It’s September, which means the summer blockbuster season is done and dusted. Of course there are still heaps of big films to come, but since I ended up taking a bit of a break from this site after Once Upon A Time In…Hollywood, I thought I’d give a quick update on a few of the films I managed to catch – but didn’t get to give the fully written-up treatment – in these toasty months…

Blinded By The Light

blinded by the light

After the execrable Bohemian Rhapsody somehow managed to worm its way into the hearts and minds of the average moviegoer, filmmakers in 2019 seem to be hellbent on making something superior. From Dexter Fletcher’s stunning Rocketman, to Danny Boyle’s wonderfully heartfelt Yesterday, film studios clearly feel like they’re on to a winner with these fresh takes on jukebox musical movies.

Last month saw Gurinder Chadha’s Blinded By The Light released in cinemas across the country. Based on the memoirs of journalist Sarfraz Manzoor, the film tells the story of Javed Khan, a British Pakistani teenager and aspiring writer in late-1980s Luton, who discovers the music of Bruce Springsteen and, in a moment of epiphany, commits himself to live his life in the teachings of The Boss.
All of this takes place against the harsh backdrop of Thatcher’s Britain: massive job losses, industries dying, white nationalists on the streets and little chance of a bright future. The Khan family find themselves caught in the unyielding current of change, and so the central tension of the film is between Javed’s dogged determination to follow his own path, and the expectations of his family – specifically his father – to help bring in money to the household.

So far so old-school British film, but what sets Blinded By The Light apart is its soundtrack: an unbeatable selection of choice cuts from Bruce Springsteen’s back catalogue. Given that Springsteen was considered passé by the time of the film’s setting, Javed and his Sikh friend Roops are routinely mocked for being such devoted disciples. However, given the stories and themes behind Springsteen’s writing, it doesn’t take long for the film to help the audience to understand just how the music of The Boss was so relatable to a teenage boy in Luton, of all places.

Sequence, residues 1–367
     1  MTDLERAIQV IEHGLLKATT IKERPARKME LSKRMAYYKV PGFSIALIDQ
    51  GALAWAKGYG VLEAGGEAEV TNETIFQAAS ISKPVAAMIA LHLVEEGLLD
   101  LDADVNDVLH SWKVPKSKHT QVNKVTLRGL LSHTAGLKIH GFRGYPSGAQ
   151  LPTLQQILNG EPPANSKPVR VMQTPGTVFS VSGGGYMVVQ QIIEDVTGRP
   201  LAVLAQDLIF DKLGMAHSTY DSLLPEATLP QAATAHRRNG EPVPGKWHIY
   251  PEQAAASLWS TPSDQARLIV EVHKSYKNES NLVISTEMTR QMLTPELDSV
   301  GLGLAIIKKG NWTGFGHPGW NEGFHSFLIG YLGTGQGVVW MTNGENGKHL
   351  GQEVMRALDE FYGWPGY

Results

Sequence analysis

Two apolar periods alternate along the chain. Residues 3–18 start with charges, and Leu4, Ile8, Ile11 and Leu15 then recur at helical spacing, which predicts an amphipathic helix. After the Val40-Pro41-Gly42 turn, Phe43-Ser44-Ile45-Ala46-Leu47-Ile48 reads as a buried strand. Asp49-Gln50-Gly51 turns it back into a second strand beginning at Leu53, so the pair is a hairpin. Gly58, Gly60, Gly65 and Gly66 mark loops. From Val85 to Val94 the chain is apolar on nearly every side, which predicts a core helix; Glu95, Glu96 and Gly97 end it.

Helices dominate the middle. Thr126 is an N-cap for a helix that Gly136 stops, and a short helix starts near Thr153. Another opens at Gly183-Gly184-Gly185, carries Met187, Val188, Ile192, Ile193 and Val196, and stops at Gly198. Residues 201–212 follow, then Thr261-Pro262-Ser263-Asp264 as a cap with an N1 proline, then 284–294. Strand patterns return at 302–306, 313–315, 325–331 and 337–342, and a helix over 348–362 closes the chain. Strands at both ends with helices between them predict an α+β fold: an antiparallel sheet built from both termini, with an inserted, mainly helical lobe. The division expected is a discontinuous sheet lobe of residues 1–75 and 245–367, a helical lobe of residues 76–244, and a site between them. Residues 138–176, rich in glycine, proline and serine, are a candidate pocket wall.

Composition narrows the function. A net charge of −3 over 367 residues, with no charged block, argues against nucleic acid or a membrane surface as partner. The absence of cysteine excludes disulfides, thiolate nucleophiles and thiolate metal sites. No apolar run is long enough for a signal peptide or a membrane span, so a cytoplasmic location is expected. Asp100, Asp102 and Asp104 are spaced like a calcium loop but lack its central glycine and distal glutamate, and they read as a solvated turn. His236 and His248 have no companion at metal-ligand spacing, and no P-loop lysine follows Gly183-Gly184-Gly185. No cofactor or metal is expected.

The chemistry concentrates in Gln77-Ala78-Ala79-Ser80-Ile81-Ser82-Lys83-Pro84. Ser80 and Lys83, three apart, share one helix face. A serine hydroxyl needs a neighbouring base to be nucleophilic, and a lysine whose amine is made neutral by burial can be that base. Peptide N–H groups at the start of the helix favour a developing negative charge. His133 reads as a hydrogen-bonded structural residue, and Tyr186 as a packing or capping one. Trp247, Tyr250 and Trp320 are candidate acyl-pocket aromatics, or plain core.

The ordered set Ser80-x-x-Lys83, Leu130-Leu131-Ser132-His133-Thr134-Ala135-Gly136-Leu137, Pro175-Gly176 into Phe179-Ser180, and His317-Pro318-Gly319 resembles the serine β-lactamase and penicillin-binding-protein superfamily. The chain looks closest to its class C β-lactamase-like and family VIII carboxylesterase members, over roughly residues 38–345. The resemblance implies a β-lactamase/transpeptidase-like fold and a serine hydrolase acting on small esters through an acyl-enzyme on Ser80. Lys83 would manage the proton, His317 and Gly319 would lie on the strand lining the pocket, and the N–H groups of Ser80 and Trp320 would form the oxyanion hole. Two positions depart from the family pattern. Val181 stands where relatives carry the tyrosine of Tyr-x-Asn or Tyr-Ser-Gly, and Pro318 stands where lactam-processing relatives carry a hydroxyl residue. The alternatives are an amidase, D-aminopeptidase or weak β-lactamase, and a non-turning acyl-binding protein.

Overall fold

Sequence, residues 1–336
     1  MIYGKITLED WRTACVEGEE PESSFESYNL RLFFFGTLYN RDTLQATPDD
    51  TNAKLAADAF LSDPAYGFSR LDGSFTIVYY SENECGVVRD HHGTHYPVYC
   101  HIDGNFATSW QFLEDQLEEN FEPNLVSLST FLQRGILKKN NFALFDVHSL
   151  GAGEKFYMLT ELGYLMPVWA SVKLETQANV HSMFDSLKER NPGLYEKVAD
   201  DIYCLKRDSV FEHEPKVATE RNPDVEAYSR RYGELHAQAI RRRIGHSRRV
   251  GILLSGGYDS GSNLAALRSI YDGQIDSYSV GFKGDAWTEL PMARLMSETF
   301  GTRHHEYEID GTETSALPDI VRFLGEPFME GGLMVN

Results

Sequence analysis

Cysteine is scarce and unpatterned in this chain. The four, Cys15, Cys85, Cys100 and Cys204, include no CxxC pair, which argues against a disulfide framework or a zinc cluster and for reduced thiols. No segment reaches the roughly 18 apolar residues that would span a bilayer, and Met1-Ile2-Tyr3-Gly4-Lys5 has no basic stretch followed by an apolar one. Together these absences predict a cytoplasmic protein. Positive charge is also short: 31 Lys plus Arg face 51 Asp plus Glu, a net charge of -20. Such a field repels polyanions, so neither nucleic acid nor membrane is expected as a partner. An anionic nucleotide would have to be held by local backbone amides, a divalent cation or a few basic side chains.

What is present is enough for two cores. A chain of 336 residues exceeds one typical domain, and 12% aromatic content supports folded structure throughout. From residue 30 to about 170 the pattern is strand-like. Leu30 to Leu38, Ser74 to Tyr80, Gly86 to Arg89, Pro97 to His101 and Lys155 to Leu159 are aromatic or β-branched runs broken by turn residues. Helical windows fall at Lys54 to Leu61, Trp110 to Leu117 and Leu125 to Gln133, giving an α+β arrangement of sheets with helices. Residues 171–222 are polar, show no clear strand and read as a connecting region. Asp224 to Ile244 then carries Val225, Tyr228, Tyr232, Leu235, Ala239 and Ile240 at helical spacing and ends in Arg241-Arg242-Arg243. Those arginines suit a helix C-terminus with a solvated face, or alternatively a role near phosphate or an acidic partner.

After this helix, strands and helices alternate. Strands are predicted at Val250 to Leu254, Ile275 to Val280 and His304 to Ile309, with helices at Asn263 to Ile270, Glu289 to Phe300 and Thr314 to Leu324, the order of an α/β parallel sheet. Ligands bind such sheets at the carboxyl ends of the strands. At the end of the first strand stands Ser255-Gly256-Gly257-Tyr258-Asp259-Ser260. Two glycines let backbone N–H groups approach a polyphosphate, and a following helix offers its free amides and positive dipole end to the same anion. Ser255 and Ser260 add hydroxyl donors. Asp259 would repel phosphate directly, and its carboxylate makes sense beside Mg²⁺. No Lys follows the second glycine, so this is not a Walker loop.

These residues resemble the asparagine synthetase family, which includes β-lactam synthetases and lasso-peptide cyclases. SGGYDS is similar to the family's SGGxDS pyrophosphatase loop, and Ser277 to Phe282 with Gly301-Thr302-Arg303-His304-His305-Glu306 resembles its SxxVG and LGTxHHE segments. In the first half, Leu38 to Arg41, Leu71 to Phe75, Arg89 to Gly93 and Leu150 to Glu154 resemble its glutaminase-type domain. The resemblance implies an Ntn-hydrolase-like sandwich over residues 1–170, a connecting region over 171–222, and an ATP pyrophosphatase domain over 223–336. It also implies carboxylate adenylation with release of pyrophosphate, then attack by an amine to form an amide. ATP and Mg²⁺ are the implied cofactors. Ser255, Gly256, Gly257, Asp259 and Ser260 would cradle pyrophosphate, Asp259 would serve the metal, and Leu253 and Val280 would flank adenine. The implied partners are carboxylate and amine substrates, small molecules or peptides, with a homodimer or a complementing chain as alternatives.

That moment when Javed hears one of Springsteen’s songs – “Dancing In The Dark” – for the first time is by far the film’s greatest moment. For so many people, that first listen of a new artist can and has proven life-changing, and Chadha’s direction captures that sublimely. Unfortunately, for all of the film’s upbeat feeling after that point, Blinded By The Light never really gets back to that level of greatness, and at times it threatens to fade away.

That’s not to take away from the great performances given by the film’s young cast. Viveik Kalra and Aaron Phagura are both revelations in this film as Javed and Roops; their discoveries stand as testament to Chadha’s success with discovering young talent (see: Keira Knightley and Parminder Nagra in Bend It Like Beckham).
While Blinded By The Light is ultimately a very slight affair, Kalra’s combination of giddy excitement and naive optimism in his portrayal of Javed gives weight to his struggle between his family and his future, and he gets some great emotional moments in scenes against Javed’s father, played by Kulvinder Ghir, and student activist love interest Eliza, played by Nell Williams.

If nothing else, Blinded By The Light succeeds in capturing that thrill of discovering a piece of art that affects you to your core, and takes over your whole life. Chadha’s latest didn’t do that for me, but it was a thoroughly pleasant couple of hours while it was on.



From the pleasant to the downright nasty, Alexandre Aja’s latest slice of horror, Crawl, arrived in UK cinemas after a decent performance at the American box office. The film, produced by Sam Raimi, takes place in Florida, seconds away from a Category 5 hurricane hitting landfall. Kaya Scodelario plays Haley, an aspiring competition swimmer who goes searching for her estranged dad, played by Barry Pepper, at their old family home, paying no heed whatsoever to the storm warnings being broadcast everywhere – as you do.

Conditions get super tough when Haley arrives at the old homestead, and so she takes shelter in the crawl-space underneath the building. There she finds her dad, bloodied and unconscious, in the company of at least two whopping great alligators.
From there, it becomes a race against time as Haley and her dad aim to escape the flooding crawl-space, and survive the very big, very hungry ‘gators.